Sport and Recreation Alliance expresses concern about reduction of funding to give pupils a healthy start to life

Sugar tax funding cuts ()

This week the Secretary of State for Education, Justine Greening MP, announced changes to the funding arrangements for schools in the UK. 

Although the Sport and Recreation Alliance welcomes the confirmation that the PE and Sport Premium will be doubled there was bad news about significant reductions to the Healthy Pupils Capital Programme (HPCP) and the Alliance is seeking clarification from Ministers. This programme which was only itself announced in February 2017 and was heralded by the Government as “new funding to boost school facilities and healthy lifestyles” appears to have now been cut.

The Government has committed to an additional £1.3bn for the core school budget – which is the main source of grant funding for schools – over the next two years but has made reductions elsewhere in planned expenditure, including the HPCP, to fund it.

The HPCP was to be part-funded by revenues from the Soft Drinks Industry Levy (SDIL) or ‘sugar tax’ and Government had previously committed to making sure that the amount schools receive through the HPCP would not fall below £415million regardless of the funds generated by the sugar tax. But it appears that the decision has now been reversed and only a small proportion – around £100m – will be retained for HPCP investment.

Commenting on the announcement, Emma Boggis, Chief Executive at the Sport and Recreation Alliance said:

We are disappointed to see that the Department for Education has reallocated money earmarked for capital investment to support healthy living, including through the provision of PE and sport facilities, to the core schools budget.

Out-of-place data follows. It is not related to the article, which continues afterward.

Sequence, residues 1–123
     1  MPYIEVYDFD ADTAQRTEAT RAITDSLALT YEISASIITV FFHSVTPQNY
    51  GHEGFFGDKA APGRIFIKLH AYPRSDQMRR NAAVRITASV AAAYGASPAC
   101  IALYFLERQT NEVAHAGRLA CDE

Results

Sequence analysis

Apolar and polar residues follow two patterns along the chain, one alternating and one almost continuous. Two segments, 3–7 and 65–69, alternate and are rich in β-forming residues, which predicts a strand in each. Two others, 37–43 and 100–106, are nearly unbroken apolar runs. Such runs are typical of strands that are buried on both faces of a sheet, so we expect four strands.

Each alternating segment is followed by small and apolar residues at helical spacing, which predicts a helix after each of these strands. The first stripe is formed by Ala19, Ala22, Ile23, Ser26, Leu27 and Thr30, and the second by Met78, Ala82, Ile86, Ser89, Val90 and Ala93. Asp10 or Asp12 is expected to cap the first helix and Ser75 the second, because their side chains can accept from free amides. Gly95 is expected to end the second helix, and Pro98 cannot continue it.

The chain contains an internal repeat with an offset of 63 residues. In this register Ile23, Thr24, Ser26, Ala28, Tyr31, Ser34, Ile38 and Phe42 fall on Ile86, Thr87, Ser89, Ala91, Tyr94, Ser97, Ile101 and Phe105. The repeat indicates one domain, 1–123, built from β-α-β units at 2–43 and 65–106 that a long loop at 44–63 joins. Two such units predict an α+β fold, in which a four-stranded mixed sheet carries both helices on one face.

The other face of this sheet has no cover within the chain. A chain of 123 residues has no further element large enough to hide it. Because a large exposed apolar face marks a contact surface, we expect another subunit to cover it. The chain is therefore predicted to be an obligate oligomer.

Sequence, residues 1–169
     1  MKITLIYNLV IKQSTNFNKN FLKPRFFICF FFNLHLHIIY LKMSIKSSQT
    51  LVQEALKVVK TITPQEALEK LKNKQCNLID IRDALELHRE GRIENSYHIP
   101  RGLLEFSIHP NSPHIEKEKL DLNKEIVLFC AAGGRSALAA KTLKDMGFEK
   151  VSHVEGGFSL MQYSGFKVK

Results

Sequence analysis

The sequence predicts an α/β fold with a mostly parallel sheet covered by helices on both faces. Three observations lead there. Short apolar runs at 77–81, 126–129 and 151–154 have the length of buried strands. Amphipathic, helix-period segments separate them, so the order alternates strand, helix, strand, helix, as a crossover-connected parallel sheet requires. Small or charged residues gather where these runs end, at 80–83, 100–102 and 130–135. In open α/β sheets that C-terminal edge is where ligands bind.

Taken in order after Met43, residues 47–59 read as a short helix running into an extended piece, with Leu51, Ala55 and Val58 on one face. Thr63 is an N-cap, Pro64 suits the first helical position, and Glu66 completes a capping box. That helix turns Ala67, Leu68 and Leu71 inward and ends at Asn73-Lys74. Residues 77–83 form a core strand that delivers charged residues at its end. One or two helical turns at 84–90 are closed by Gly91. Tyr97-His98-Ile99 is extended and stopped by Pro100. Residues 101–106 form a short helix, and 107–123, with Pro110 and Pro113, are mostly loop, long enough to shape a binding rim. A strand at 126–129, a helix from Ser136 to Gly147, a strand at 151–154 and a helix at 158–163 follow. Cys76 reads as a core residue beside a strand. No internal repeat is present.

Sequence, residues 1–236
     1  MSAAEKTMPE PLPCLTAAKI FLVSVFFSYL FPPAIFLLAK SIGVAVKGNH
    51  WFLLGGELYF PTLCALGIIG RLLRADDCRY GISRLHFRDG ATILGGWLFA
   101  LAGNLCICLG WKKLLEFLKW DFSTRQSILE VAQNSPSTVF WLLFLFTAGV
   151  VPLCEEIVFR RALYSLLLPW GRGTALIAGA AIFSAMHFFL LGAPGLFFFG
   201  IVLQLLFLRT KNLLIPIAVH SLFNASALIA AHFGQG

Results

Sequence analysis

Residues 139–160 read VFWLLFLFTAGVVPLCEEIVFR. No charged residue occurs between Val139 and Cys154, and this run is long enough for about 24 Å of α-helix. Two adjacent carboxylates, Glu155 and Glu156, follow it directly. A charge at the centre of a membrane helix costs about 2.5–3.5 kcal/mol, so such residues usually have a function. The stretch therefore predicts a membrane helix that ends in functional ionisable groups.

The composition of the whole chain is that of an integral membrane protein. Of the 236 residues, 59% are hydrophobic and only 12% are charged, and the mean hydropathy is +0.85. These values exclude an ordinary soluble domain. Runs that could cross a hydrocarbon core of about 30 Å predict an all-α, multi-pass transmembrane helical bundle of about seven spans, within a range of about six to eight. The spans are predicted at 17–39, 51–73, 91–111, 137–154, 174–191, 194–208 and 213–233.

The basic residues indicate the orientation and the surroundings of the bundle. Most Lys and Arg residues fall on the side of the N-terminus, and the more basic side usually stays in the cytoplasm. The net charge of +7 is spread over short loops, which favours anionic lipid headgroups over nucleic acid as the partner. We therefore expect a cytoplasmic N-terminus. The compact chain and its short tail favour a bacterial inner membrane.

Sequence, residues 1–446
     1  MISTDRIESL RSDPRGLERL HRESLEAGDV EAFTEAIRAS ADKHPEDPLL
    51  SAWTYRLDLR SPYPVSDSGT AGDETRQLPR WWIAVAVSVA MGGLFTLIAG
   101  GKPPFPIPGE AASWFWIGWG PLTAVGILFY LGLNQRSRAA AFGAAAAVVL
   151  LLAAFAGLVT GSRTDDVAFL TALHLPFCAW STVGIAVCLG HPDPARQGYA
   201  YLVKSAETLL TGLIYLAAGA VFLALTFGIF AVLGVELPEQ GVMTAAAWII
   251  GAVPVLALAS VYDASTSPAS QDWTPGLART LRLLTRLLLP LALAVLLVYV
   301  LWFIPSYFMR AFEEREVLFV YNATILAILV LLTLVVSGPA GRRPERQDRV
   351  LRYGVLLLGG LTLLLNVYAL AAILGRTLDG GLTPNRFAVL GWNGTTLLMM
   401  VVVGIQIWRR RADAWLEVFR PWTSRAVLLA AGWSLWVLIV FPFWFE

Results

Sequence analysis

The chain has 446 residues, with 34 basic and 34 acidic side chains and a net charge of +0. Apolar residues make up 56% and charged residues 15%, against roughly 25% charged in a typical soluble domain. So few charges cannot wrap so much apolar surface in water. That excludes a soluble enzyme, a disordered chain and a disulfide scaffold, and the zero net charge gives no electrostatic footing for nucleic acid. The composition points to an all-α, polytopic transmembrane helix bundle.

"When the Government announced the HPCP less than five months ago it was cited as a demonstration of cross government commitment to Sporting Future but this week's announcement calls into question how genuine that commitment is. While we recognise that the schools budget is under pressure, reducing investment in sport and physical activity in this way is a false economy. As a country we have a huge challenge around childhood obesity, more not less focus on enabling children to be healthy and physically active in schools is what we need right now and I have written to the Education Secretary to express our concerns."

Confirmation of future funding for the PE and Sport Premium is something that we called for in our manifesto launched at the start of the 2017 General Election campaign.

Emma Boggis, continued:

It is pleasing to see that Government has confirmed the doubling of the PE and Sport Premium for primary schools for the next two years following a period of uncertainty. However, there is still no clarity over the length of time this commitment will last and we would encourage a commitment for the lifetime of this Parliament to 2022.”